I’m a survivor, and I feel called to educate as many people as possible.
A serious health concern changed Crystal Hudson’s whole life. But it also brought her a new sense of purpose and a determination to help others suffering from illness. At Ashford University, she found the tools to help put her life back on track and pursue her new passion.
In 2010, while on deployment with the Air Force in Baghdad, Crystal began to experience severe headaches. CT scans and X-rays were inconclusive, and an unexpected pregnancy exacerbated her symptoms. She undertook extensive research of her symptoms, all while trying to manage her pain and maintain the Air Force’s stringent physical training standards.
Eight months after she had her baby, Crystal was deployed again. This time, her headaches resulted in blackouts, and she started to lose feeling in her extremities. But she was determined to fulfill her deployment and passed up a chance to go home.
In 2012, Crystal transitioned to a new base, and her symptoms became worse. She hid her condition from her kids and tried to maintain a normal life for them. But coming back from her child’s cheerleading practice one day, her whole body locked up and she could not move. “I had to instruct my daughter to bring the car to the side of the road,” she says.
Shaken by the danger they narrowly avoided, Crystal pored over her medical records. Comments from an MRI held a clue. She searched the Internet and came up with a potential theory: Arnold Chiari Malformation. Chiari malformations are structural defects in the cerebellum, the part of the brain that controls balance. Symptoms include dizziness, muscle weakness, numbness, vision problems, headaches, and problems with balance and coordination.
When Crystal returned to the base medical center and showed copies of the film to medical staff, they confirmed that the lower part of her brain did indeed protrude into the spinal cord, consistent with Chiari malformation.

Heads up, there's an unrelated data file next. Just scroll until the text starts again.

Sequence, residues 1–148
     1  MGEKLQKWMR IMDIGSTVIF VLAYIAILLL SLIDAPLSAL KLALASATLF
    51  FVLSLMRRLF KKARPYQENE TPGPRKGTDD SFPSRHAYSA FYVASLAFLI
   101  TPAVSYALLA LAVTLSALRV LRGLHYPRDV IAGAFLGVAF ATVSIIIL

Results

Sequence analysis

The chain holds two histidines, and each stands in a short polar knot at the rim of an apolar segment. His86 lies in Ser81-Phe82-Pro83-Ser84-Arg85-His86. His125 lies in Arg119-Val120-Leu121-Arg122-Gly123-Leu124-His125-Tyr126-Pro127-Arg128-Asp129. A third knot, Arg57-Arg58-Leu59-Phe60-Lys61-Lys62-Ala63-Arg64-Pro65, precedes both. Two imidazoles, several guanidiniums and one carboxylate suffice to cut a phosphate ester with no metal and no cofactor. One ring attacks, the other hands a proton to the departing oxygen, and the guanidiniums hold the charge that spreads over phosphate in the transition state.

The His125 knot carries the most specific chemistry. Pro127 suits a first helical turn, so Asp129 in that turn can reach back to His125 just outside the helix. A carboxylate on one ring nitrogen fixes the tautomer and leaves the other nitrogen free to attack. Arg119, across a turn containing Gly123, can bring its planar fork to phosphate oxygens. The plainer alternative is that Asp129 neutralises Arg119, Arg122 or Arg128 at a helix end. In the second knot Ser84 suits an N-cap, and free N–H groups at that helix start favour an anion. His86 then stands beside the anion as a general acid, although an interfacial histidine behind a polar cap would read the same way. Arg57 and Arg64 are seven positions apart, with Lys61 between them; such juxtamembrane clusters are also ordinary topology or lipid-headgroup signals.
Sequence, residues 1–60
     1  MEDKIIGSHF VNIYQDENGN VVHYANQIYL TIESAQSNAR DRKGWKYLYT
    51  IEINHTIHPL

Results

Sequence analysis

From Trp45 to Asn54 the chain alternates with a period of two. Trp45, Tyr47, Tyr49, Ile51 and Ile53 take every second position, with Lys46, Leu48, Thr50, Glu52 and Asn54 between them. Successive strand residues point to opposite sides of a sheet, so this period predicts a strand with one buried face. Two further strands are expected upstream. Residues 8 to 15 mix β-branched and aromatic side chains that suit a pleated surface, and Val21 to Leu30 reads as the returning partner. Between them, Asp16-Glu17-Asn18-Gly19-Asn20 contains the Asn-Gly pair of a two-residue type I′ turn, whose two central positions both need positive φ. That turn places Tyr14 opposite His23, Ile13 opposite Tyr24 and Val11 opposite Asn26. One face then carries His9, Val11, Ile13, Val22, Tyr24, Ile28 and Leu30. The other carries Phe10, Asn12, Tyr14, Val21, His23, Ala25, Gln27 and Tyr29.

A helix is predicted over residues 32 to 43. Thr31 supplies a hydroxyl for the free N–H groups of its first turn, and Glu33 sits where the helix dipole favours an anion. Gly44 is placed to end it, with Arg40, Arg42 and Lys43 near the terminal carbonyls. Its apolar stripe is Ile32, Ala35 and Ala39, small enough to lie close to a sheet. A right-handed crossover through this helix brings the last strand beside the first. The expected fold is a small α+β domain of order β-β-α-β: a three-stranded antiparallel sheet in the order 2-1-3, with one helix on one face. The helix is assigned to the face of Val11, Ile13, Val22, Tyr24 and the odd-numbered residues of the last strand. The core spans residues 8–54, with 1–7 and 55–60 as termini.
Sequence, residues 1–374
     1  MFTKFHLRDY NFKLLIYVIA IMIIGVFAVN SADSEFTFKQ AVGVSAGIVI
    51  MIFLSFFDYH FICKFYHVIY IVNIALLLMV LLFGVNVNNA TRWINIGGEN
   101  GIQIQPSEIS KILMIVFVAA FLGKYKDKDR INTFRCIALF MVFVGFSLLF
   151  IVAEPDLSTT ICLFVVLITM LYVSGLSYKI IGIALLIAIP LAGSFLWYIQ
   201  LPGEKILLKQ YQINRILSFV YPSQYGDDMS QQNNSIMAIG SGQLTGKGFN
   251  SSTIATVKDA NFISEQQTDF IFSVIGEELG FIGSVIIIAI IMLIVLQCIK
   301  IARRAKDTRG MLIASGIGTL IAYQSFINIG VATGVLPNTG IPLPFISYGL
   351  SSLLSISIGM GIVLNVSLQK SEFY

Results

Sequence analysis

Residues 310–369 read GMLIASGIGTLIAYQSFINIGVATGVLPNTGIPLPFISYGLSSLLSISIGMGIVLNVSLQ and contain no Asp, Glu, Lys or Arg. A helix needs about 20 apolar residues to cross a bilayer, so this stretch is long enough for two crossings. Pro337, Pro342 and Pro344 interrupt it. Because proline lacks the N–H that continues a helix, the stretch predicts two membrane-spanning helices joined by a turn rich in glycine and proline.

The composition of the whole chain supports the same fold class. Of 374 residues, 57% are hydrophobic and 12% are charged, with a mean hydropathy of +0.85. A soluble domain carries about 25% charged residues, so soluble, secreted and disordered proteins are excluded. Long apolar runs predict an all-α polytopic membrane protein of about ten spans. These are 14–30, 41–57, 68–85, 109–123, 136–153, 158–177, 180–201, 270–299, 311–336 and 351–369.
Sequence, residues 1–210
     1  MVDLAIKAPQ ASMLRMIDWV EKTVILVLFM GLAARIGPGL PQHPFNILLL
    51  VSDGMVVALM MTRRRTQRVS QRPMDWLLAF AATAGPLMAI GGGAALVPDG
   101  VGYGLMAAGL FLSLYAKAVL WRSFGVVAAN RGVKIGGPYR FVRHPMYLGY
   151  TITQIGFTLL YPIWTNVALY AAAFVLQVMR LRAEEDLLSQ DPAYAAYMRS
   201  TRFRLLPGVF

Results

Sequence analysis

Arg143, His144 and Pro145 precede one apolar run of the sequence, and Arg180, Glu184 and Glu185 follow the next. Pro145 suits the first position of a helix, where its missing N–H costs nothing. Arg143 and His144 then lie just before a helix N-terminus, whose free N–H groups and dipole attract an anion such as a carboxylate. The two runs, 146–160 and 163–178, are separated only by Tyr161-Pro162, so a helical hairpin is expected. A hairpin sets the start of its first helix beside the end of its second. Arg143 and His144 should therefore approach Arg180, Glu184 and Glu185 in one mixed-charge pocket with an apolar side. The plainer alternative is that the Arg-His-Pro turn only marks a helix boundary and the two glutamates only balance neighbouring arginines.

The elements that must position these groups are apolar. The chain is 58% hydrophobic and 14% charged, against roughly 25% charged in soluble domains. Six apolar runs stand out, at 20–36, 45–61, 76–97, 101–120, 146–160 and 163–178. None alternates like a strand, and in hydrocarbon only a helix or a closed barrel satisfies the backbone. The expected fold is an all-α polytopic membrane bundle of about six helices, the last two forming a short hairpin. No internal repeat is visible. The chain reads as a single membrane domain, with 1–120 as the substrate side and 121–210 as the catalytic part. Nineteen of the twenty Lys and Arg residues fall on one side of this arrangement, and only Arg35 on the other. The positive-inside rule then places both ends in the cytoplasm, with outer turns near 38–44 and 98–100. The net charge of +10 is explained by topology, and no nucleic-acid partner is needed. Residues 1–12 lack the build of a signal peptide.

She went to a neurosurgeon, but Crystal continued to advocate for her own health. She once again completed online research and found a book that helped her understand which treatments were available for her rare disease. While at the emergency room for a case of strep throat, she had a chance encounter with a doctor that led her to connect with a patient who had the same disease. That patient had seen a doctor in New Orleans who specialized in Chiari malformation.
She met with the specialist just in time. Her condition had seriously deteriorated, and brain tissue was going further into her spinal canal. Her spinal fluid was blocked, and she needed immediate brain surgery. Even the specialist working on her case didn’t fully comprehend how much her condition had degraded until the actual surgery. “If I hadn’t done my research and taken the steps that I did, I would have been paralyzed and eventually died,” she says.
The surgery was a success, but ultimately her condition put an end to her active duty career. With the military behind her, she wanted to enter the medical field as a nurse. Unfortunately, Crystal could no longer meet the physical demands of the job. Undaunted, she started looking for other careers where she could help people lead healthy lives. That was the search that brought Crystal to Ashford University.
At Ashford, Crystal found numerous health care degree options and decided to pursue a BA in Health Care Administration. She continued to face complications from her medical condition, but she was able to continue her education with the support and flexibility of Ashford faculty and staff. In fact, Crystal excelled at Ashford, maintaining an A average throughout her degree program. She was also invited to join both the Golden Key International Honour Society and SALUTE Veterans National Honor Society.
Most importantly, Crystal’s education will allow her to help people manage their health. By the time Crystal graduated from Ashford, she had already helped three other people discover that they, too, suffer from Chiari malformation. “I’m a survivor, and I feel called to educate as many people as possible,” she says. “I’m an advocate for this disease because I understand how important it is to be diagnosed correctly so no one else has to endure the pain and uncertainty that I went through.”